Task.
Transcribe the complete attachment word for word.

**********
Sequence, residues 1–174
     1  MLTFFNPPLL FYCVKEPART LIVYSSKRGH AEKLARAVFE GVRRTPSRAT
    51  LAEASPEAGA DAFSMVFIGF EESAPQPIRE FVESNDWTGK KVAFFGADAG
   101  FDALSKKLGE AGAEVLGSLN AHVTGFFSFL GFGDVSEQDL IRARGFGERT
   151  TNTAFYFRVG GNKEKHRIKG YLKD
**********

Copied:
Sequence, residues 1–174
     1  MLTFFNPPLL FYCVKEPART LIVYSSKRGH AEKLARAVFE GVRRTPSRAT
    51  LAEASPEAGA DAFSMVFIGF EESAPQPIRE FVESNDWTGK KVAFFGADAG
   101  FDALSKKLGE AGAEVLGSLN AHVTGFFSFL GFGDVSEQDL IRARGFGERT
   151  TNTAFYFRVG GNKEKHRIKG YLKD